Forrest General Hospital’s Nurse Extern Program Graduates 11
Nurse Extern Program graduates with their University of Southern Mississippi instructor, Kim Smith, RN, MSN.
HATTIESBURG, Miss. (August 2, 2021) Students who participated in the 2021 Forrest General Hospital Nurse Extern Program completed their training Friday, July 30. The nursing students, who all attend the University of Southern Mississippi, complimented the program saying they have gained valuable experience during the past two months that will help them better care for patients in the future.
The 2021 Nurse Extern Program, which began at the beginning of the summer, concluded with a reception. The nurse externs are senior-level nursing students who work under an RN preceptor to further develop their nursing skills. They will return to school this fall, with most graduating in December.
This summer program, which ran from May 24 to July 30, is a joint effort between the Mississippi Council of Deans and the Mississippi Hospital Association. Kim Smith, RN, MSN, serves as the instructor for this three-hour summer course for USM.
“The main goal of the program is to enhance the skills the students have already learned such as starting IVs, Foley catheters, compressions as well as time management,” said Smith.
The purpose of the program, which requires 320 work hours, is to provide students with an opportunity to enhance competencies; assist nursing students to experience a typical work environment; prepare nursing students to assume responsibilities of a full-time Registered Nurse and encourage retention of nursing graduates.
Forrest General’s 2021 Nurse Externs are: Brooke Duckworth, Seminary; Savannah Frieman, Covington, La.; Angel Graham, Jackson; Baylee Grimsley, Petal; Jordan Hymel, Mandeville, La.; Ally Mangum, Petal; Kelsey Moore, Philadelphia, Ms.; Molly Pausina,Covington, La.; Drew Price, Columbia; Makenzie Rahaim, Hattiesburg and Destin Yates, Purvis.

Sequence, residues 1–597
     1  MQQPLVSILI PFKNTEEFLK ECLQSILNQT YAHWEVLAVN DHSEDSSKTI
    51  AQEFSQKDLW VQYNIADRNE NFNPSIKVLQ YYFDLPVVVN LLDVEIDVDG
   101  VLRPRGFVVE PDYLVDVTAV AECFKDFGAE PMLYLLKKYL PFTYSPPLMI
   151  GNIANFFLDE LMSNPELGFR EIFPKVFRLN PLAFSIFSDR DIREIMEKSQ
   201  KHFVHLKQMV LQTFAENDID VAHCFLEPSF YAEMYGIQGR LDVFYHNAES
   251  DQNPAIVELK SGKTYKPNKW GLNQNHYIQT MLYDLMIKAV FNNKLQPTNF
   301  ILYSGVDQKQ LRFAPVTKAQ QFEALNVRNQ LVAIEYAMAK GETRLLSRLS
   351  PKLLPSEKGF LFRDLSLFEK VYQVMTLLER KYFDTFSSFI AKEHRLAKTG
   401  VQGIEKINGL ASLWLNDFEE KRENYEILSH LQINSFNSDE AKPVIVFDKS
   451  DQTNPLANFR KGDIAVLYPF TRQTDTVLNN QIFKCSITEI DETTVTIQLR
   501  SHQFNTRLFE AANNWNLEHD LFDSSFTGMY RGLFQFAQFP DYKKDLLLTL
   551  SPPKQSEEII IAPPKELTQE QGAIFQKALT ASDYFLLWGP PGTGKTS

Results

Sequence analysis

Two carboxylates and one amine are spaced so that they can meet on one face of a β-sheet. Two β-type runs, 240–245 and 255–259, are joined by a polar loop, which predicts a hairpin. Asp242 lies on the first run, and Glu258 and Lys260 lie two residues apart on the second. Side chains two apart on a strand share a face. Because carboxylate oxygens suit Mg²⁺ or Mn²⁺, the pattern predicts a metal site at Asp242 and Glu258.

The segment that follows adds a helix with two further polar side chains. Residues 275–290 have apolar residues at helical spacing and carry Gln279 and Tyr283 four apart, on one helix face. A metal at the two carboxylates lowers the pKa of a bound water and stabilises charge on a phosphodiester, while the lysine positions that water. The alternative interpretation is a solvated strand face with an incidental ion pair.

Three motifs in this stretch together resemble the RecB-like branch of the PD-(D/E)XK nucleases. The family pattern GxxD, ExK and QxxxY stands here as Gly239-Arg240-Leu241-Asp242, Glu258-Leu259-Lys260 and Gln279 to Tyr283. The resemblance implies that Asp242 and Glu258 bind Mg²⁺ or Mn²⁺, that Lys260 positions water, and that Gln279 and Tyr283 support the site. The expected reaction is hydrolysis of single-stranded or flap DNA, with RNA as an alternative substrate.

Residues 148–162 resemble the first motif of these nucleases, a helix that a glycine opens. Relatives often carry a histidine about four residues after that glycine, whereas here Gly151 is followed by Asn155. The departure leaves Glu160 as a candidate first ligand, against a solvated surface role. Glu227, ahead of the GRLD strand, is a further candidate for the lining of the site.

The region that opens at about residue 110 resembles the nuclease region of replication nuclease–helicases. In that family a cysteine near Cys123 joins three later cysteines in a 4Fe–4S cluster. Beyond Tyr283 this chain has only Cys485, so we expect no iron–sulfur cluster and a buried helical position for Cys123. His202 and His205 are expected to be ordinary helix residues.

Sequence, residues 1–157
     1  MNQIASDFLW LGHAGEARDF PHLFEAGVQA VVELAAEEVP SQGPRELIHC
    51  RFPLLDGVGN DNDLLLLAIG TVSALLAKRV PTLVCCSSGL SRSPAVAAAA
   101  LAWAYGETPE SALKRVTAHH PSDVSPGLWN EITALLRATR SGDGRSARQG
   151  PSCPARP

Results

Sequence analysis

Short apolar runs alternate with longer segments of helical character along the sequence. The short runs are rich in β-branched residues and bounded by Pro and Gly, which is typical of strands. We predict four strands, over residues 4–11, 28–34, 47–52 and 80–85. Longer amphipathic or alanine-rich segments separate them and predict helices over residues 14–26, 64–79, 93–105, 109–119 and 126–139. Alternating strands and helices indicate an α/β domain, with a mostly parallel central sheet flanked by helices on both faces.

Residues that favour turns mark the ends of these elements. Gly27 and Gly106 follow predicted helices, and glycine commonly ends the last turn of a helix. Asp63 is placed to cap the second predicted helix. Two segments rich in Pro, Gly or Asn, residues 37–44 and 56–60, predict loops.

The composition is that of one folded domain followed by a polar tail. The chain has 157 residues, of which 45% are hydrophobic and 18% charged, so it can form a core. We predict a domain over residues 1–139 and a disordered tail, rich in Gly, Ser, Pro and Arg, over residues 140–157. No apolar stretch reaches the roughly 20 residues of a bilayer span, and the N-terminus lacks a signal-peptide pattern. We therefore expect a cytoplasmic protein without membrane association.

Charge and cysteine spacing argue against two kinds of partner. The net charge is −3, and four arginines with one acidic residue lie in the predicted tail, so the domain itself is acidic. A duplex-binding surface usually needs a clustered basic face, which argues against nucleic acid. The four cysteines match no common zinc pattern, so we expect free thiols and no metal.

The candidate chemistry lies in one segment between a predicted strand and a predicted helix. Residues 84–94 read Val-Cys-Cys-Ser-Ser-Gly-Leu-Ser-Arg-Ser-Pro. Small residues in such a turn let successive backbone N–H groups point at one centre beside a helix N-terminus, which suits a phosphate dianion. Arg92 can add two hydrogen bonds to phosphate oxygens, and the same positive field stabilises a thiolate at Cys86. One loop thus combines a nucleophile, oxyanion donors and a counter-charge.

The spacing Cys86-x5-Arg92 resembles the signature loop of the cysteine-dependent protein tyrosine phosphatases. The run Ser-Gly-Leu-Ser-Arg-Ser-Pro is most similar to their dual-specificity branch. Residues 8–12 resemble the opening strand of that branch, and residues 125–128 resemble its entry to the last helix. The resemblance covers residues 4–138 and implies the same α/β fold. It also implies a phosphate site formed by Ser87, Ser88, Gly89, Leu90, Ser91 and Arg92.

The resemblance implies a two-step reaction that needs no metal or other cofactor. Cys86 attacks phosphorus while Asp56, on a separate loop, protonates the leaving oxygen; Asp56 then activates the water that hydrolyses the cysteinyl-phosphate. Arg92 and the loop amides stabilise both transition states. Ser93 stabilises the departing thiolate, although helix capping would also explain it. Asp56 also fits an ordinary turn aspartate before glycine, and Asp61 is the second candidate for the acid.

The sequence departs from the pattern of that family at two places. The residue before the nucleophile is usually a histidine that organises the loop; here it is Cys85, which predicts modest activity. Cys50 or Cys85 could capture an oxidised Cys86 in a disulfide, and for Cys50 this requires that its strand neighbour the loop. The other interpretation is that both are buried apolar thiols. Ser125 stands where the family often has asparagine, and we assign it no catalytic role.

“This program would not be possible without the support of nursing administration, patient care managers, and registered nurses who are willing to serve as preceptors for nurse externs,” said Linda Holmes, MSN, RN, NPD-BC, education specialist at Forrest General. She expressed thanks to this year’s preceptors: Donald Rico, RN, ICU; Delaney McAleer, RN, ICU; Chris Barnett, RN, ICU; Betsy Panella, RN, 2T; Lauren Ward, RN, 5T; Christina McDuffie, RN, Pool; Becky Brazell, RN, Pool; Kadeshia Smith, RN, Pool; Kaitlyn Smith, RN, 4FB; Amarylis Caves, RN, Family Birthplace; Cortney Lewellyn, RN, Pediatrics and Mandi Chance, RN, Pool Nurse.
For Drew Price of Columbia, the externship provided important experience in learning time management. “A lot of time when you are on rotations in school you only see one patient,” he said. “Working on the floor, I learned how to manage my time with five to seven patients.” Price said he was very grateful for the time and experience he had working on the floor. One day, he would like to work in ICU.
Baylee Grimsley of Petal is proud of the experience she gained this summer. “Coming into this (program), we didn’t have a lot of experience on the floor because the middle of our first semester is when COVID-19 started,” Grimsley said. “It meant a lot to us to be able to do this because we’ve been able to practice a lot of skills we’ve been learning about for the last two years. We’ve learned how to manage our time so much better, talk to patients and put everything into practice.”
Grimsley said she always wanted to help people. “A lot of nursing students want to be a social worker or nurse. I really liked science, but for me, by combining the two into nursing. I get to do hands-on patient care while learning about the science of everything. It’s a great way to help people, and I know what I’m doing is making a difference.”
Holmes said the Nurse Extern Program, which is a collaboration between the School of Nursing and the Hospital, is a great way to help senior-level student nurses increase confidence and competence in skills and patient care. “It gives them a realistic picture of providing patient care in a hospital setting, learning time management, prioritizing and documenting care, and it eases their transition into their role as a new registered nurse,” she said.